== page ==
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Twitter fame for daily as MP quizzes man over story comment

A regional daily became a top Twitter trend today after an MP questioned whether someone had insinuated his wife was a prostitute in a comment on the newspaper’s sister website.

‘Plymouth Herald’ became one of the top UK trends this morning after Johnny Mercer, Tory MP for Plymouth Moor View, quizzed a user of the social media site on whether he had made such an allegation.

Mr Mercer’s post referenced an abusive comment mentioning his wife, which was posted by a reader of the Herald’s Plymouth Live sister website two weeks ago.

The offending comment was swiftly deleted by Plymouth Live, but not before it came to the MP’s attention.

In a Twitter post to a man named Stephen Knight, which was published on Tuesday, Mr Mercer wrote: “I’ll give you one chance at honesty. Did you insinuate my wife was a prostitute on the Plymouth Herald comments section?”

The tweet had followed an exchange between Mr Mercer and Mr Knight about the MP’s appearance on Channel 4 programme Celebrity Hunted.

Mr Knight’s posts in the exchange were subsequently deleted, leaving Mr Mercer’s tweet devoid of context and prompting other Twitter users who have since picked up on the post to make fun of it by repeating the quote with humourous pictures, videos and amendments.

There is no evidence linking Mr Knight to the original comment posted on Plymouth Live.

Plymouth Live itself has reported on the phenomenon, showcasing examples of how Twitter users had parodied Mr Mercer’s tweet:

Editor Edd Moore told HTFP: “We take moderation to comments on our website very seriously, whether about an MP or an ordinary member of the public, and we dealt with this one as swiftly as we possibly could.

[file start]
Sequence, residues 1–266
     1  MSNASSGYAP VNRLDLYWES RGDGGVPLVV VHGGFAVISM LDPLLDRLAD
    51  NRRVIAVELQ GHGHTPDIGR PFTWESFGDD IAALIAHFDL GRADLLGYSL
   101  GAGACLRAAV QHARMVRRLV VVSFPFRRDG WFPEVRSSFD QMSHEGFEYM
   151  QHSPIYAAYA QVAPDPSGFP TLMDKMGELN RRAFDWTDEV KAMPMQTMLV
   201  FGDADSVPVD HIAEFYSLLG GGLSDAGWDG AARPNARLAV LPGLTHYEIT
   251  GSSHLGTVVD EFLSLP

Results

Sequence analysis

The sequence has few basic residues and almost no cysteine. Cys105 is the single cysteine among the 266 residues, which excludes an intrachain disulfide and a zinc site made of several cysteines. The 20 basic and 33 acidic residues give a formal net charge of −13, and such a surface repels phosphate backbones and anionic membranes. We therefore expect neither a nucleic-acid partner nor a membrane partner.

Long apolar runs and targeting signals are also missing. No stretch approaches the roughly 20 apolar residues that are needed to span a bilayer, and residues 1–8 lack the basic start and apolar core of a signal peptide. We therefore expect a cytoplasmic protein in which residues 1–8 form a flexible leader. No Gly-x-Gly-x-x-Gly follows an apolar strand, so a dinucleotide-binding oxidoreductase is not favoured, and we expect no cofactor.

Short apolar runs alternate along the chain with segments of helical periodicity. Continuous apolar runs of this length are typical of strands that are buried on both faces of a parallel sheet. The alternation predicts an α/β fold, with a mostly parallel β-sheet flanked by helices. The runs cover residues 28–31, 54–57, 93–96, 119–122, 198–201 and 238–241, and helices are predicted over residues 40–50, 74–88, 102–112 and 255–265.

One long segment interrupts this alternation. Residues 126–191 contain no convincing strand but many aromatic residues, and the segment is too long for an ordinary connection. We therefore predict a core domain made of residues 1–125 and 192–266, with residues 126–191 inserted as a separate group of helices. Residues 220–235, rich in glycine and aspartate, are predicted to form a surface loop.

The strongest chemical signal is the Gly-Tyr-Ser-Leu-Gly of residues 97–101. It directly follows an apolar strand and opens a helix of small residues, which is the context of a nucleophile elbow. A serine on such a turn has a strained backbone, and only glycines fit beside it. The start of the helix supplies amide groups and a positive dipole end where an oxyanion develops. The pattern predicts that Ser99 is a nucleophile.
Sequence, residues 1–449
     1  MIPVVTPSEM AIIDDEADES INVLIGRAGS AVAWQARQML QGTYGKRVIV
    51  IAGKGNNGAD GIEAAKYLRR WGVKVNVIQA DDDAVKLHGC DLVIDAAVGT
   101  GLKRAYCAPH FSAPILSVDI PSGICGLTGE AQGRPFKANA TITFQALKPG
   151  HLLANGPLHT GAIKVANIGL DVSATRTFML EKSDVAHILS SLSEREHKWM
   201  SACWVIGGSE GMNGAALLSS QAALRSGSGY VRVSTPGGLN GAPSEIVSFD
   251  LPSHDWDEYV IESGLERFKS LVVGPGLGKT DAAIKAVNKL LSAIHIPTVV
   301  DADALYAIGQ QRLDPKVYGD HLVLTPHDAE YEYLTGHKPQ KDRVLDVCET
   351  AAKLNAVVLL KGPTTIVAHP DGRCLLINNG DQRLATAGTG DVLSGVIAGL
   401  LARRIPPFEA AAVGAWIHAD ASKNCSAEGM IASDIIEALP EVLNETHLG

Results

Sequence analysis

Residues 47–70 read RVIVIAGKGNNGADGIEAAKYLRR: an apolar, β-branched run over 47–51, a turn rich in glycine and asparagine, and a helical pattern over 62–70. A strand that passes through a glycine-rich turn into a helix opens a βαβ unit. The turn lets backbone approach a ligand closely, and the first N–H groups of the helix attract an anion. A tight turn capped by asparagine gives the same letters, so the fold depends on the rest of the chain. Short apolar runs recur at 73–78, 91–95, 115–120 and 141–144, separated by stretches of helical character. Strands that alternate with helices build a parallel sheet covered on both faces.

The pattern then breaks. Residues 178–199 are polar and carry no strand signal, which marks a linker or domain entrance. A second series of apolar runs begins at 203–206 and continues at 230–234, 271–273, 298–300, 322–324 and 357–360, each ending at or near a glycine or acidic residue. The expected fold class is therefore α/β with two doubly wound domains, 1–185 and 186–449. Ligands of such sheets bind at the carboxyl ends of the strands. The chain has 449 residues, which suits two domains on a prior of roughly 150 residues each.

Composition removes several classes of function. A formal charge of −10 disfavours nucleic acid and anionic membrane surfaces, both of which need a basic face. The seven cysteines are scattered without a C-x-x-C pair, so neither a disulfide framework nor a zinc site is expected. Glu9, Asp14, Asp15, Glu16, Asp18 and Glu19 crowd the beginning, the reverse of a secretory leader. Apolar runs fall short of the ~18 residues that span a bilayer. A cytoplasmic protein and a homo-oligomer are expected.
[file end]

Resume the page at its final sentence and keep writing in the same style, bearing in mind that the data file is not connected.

“What this episode shows more than anything should be the power of social media for trolls to make the most of these situations, but also for people to have a bit of a chuckle. The fact we’ve been dragged into it is neither here nor there really.

“I’m very disappointed we’ve been referred to as the Plymouth Herald, rather than Plymouth Live after our rebrand, but I suppose you can’t please everyone.”

Twitter user Eddie Robson commented: “‘Plymouth Herald’ is now trending in the UK. You can’t buy this sort of publicity. Great to see an MP supporting local newspapers.”



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  • October 19, 2018 at 7:09 pm

    Reach must be delighted that for all its rebranding efforts, everyone is referring to the Plymouth Herald, rather than Plymouth Live. An utterly pointless renaming exercise, it would appear.

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  • October 22, 2018 at 10:37 am

    An utterly pointless and expensive exercise, I think you mean, One-time sub.

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  • October 22, 2018 at 3:45 pm

    You’re not wrong, echoandthebunnymen. When I lived in Plymouth everyone knew what “the Herald” was. Why lose that brand-recognition value of your product? But no, someone in a distant head office knew best, didn’t they?

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